diary August 8, 2020
It was quite something to tune in to the first episode of Bunter and Georgina Downer’s geopolitical podcast, where they discussed the recent AUSMIN meeting, the upcoming United States presidential election and the future of war. Father and daughter get along famously as they take us on a wide sweep through the trickiest global thickets, with memos about Condoleezza Rice’s determination to play golf, China’s dominance in the rare earth market, Joe Biden’s “flaky” interviews, the Trans-Pacific Partnership, fishing quotas in British waters and Russia’s anti-satellite rocket program.
letters August 8, 2020
Yes, a sovereign government always spends and thus creates money. Modern monetary theory (MMT) is a version of Keynesian policies and its popularity is welcome (Mike Seccombe, “Could Frydenberg ease this crisis by printing money?”, August 1-7). But...
editorial August 8, 2020
Andrew Bolt has made a career finding vulnerable people and devising new ways of punishing them. When you consider this, his views on the elderly are not surprising, just inhumane. Bolt doesn’t want the old to die, but he believes we overstate the tragedy of their deaths. “Note: 40 per cent of aged-care home residents die within nine months. The average stay is just under three years,” he writes. “So Victoria’s bans are doing huge damage to – essentially – save aged-care residents from dying a few months earlier.” Quixotically, the column is titled “How to save Victoria from the coronavirus”.
law & crime August 8, 2020
There are two striking aspects of Australia’s response to coronavirus: the first is that it’s being increasingly led as a police issue, and the second is that this is happening while the rest of the world works to reform and curtail police powers...
politics August 8, 2020
Scott Morrison keeps misreading the mood of a nation gripped by fear. Nowhere is this more obvious than his now-abandoned legal case against state border closures – or, to be more precise, against the lockouts in the Labor-governed states of Western...
diary August 24, 2019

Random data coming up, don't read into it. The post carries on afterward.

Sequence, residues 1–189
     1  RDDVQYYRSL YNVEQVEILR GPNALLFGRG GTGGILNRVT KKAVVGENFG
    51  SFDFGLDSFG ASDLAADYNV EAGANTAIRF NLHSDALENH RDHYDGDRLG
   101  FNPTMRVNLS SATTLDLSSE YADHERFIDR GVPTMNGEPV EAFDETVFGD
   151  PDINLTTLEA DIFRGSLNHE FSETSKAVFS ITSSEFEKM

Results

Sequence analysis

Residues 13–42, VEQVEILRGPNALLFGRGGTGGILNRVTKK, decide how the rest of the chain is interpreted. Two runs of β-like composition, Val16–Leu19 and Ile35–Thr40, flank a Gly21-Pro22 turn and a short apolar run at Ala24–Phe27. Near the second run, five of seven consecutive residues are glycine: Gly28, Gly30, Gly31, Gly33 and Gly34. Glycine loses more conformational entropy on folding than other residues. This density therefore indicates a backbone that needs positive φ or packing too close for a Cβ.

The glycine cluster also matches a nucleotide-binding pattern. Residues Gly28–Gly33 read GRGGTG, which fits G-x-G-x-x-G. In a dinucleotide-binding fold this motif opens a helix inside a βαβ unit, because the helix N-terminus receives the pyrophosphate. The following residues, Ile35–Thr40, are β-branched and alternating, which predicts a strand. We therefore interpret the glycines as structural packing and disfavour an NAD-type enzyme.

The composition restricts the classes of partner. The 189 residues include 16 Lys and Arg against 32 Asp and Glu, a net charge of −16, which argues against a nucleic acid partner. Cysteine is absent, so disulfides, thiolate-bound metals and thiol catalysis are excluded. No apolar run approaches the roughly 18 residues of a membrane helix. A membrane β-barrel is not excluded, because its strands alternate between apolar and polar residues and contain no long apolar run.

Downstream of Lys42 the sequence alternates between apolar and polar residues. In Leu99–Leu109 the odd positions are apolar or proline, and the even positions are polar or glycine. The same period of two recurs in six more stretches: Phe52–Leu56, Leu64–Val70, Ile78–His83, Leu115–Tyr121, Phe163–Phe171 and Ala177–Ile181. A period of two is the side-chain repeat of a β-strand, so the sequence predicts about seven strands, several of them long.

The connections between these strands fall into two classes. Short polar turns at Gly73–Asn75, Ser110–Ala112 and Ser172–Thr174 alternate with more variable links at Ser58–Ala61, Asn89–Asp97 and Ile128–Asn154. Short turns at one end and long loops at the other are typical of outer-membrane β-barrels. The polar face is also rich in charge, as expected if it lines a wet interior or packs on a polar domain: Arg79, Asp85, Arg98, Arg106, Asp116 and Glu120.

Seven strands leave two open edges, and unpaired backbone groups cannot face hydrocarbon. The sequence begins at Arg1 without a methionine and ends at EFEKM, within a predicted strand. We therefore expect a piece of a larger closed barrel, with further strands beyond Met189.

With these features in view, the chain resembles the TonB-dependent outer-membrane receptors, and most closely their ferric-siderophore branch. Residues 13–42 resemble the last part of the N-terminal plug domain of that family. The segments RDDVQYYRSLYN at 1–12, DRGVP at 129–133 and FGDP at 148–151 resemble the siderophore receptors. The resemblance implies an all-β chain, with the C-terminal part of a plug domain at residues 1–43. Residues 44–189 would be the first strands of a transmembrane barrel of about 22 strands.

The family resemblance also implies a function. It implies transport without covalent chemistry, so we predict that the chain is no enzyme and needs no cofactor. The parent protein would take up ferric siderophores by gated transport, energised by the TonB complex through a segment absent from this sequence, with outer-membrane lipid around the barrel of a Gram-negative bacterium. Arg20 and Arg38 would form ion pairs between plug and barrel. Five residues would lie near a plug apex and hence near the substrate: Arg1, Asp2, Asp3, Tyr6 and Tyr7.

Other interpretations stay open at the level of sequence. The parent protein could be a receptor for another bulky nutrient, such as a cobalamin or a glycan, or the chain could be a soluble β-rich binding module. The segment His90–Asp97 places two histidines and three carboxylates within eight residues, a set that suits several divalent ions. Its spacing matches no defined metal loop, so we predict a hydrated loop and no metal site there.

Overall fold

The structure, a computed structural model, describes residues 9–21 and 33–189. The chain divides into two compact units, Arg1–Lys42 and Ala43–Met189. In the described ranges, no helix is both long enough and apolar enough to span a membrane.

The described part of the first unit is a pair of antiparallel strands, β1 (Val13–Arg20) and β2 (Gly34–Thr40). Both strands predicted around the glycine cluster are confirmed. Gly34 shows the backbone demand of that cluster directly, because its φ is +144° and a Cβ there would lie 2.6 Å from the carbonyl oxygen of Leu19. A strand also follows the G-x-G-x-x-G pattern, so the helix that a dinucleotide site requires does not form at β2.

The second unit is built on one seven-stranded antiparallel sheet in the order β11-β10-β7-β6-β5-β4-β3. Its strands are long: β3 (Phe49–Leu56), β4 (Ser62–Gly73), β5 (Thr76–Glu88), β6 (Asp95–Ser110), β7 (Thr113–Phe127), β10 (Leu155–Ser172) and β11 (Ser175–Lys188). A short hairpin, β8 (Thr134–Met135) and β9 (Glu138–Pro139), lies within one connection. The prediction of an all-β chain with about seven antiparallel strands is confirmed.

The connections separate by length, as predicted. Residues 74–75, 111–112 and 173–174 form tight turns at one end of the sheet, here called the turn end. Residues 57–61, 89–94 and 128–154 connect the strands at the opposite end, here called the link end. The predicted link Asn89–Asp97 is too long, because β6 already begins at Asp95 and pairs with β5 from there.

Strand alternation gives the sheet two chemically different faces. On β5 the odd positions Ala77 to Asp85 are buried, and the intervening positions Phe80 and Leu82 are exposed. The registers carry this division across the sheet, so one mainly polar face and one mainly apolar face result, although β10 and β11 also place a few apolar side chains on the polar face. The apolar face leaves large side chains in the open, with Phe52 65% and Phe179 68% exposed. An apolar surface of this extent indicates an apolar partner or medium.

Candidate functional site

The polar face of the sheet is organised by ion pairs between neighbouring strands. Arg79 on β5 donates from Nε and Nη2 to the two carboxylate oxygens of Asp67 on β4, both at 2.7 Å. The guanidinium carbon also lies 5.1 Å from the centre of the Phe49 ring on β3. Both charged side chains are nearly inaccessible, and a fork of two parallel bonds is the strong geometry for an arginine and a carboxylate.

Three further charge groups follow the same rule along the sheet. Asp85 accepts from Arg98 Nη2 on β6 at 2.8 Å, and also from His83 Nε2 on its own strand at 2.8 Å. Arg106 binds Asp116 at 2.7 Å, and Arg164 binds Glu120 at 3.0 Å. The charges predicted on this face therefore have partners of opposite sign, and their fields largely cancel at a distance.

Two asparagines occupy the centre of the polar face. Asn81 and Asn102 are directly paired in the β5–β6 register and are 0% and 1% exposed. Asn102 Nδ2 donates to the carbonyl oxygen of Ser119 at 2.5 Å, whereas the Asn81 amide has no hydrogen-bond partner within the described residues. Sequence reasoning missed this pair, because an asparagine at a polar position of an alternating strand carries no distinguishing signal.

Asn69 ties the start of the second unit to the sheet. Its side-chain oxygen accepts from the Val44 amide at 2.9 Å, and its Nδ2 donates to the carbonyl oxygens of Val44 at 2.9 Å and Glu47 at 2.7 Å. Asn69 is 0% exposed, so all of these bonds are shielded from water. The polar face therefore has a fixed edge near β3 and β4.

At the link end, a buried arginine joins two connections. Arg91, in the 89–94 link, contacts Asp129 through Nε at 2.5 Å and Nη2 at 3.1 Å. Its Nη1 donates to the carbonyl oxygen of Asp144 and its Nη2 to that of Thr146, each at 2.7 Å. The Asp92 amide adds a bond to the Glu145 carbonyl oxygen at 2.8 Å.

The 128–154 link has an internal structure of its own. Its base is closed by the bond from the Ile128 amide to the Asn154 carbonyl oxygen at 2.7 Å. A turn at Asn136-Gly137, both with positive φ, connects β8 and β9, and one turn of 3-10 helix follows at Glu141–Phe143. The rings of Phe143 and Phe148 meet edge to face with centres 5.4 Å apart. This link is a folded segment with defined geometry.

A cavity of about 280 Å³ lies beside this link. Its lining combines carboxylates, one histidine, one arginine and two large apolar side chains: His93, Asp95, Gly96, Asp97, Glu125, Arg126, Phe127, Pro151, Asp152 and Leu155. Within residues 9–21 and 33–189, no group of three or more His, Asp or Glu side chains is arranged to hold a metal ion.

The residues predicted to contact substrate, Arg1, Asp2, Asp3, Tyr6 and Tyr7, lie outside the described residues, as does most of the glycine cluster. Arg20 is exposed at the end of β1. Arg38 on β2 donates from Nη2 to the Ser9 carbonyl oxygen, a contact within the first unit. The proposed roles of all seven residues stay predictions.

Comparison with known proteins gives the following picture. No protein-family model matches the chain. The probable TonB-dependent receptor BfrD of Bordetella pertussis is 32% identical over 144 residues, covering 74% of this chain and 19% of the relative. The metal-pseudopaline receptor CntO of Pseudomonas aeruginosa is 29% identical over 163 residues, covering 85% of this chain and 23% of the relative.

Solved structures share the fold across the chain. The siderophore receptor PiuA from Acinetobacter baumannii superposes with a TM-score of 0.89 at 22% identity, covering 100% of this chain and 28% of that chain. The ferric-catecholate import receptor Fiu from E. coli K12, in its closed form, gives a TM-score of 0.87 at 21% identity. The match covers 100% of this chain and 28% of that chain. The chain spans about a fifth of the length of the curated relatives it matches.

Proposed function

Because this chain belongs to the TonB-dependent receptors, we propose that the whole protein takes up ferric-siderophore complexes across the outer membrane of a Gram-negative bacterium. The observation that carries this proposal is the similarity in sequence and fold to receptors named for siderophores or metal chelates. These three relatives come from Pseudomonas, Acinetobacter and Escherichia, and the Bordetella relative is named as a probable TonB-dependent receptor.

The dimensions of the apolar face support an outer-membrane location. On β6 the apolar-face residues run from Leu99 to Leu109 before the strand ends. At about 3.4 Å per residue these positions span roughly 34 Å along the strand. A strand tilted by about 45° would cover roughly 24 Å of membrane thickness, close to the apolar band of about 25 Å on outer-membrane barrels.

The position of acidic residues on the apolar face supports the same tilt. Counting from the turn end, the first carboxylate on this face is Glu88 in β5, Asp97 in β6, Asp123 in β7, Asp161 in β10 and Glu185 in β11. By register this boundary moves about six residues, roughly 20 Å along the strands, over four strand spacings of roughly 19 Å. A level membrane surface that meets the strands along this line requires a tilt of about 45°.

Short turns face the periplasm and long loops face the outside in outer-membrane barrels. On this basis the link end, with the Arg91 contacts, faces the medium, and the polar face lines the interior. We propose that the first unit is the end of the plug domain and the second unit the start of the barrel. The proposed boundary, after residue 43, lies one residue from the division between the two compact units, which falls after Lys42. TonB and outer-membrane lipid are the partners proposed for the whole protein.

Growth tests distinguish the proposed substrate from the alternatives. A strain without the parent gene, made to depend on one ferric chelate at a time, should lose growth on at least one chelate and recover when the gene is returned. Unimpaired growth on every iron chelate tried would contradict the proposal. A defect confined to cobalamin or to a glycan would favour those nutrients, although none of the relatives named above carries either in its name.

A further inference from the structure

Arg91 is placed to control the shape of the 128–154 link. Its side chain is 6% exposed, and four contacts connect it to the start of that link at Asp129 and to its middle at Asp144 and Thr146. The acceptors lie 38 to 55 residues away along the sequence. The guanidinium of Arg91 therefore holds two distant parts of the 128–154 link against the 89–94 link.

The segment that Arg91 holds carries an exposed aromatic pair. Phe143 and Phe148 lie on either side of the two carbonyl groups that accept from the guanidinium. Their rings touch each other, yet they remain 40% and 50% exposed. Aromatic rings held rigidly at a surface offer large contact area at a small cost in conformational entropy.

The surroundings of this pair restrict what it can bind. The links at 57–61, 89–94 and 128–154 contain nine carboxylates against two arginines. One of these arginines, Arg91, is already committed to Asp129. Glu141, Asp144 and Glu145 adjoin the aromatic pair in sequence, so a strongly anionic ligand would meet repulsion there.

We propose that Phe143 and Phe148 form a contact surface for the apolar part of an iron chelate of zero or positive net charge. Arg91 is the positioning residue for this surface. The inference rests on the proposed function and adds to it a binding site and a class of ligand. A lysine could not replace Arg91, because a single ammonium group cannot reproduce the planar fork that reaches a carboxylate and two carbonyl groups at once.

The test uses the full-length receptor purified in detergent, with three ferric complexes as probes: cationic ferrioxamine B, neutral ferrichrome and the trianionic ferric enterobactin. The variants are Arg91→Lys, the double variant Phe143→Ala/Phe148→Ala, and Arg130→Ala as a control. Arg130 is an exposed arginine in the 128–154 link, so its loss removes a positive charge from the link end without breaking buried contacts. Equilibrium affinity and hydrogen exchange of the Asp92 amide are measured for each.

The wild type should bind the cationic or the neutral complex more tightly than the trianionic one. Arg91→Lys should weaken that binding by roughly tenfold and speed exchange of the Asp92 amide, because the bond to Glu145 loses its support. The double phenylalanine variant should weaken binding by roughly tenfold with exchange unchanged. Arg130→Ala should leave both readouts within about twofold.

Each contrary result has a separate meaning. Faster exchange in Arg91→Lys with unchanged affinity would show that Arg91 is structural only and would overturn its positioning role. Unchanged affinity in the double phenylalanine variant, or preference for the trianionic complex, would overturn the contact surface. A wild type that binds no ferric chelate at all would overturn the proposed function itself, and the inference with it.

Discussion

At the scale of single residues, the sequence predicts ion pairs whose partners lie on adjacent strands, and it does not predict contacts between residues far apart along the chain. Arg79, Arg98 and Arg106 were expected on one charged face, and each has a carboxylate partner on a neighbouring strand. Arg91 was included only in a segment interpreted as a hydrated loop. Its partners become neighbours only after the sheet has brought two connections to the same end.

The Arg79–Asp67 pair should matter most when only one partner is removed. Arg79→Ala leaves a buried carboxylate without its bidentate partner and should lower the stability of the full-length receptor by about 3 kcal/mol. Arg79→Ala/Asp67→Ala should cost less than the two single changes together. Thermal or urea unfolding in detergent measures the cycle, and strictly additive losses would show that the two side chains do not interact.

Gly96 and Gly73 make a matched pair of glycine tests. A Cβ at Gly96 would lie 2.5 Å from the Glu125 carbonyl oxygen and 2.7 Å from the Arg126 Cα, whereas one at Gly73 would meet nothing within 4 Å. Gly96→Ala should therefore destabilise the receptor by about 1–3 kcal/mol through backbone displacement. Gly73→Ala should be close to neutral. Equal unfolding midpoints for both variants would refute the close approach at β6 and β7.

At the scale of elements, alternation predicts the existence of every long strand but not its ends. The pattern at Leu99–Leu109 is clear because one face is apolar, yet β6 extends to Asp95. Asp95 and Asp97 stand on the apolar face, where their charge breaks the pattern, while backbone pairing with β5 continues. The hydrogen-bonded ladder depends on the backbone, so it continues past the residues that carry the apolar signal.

The week belonged to the Parrot, the hero of Struggle Street. He was up to his old attention-grabbing schtick: vile remarks, followed by public fury, doubling down, a tight-lipped “apology”, then threats from management that this was his “last chance”. There was a special twist on this occasion – Jones complained the ABC’s Media Watch didn’t broadcast all of his comments about Jacinda Ardern. If there’s anything the Parrot likes, it’s the full context of his unvarnished misogynistic diatribes.
editorial August 17, 2019
It’s an old, persistent lie: that traffic is a race issue, that failing infrastructure is the responsibility of migrants rather than the governments that build it. Said often enough, it allows politicians to blame congestion on people who look different. This is a useful trick and it’s one Scott Morrison is playing.
media August 17, 2019
Whoever chose the venue for the first day of the federal parliamentary inquiry into press freedom had a sense of humour. At least, it tickled the funny bones of journalists assigned to the story when they learnt the inquiry was to be held at the New...
indigenous affairs August 17, 2019
There are those people who can get away with saying things others dare only to think. That’s Gilbert McAdam. The former AFL player has a cheeky glint in his eye; he always looks as if he’s going to put a comforting arm around your shoulder and draw...
indigenous affairs August 17, 2019
The impact of the colonial invasion on Aboriginal peoples was never swifter nor more brutal than in western Victoria. The deep volcanic soils and gentle rolling hills of the region, combined with active land management by thousands of generations of...
diary August 17, 2019
Well, that was a fine start to the post-Hayne banking royal commission litigation. The regulator, the Australian Securities and Investments Commission, went down in a heap in its action against Westpac, where it alleged the bank was in breach of responsible lending laws in relation to more than 260,000 home loan applicants. ASIC claimed the lending formula applied by the bank meant borrowers could be led into hardship because their ability to service the loan was insufficiently appraised. Not at all, said Justice Nye Perram in the Federal Court. Borrowers could simply refine their spending habits when times got tough, citing a money-saving move away from wagyu and shiraz to something more affordable – Spam and rice, perhaps.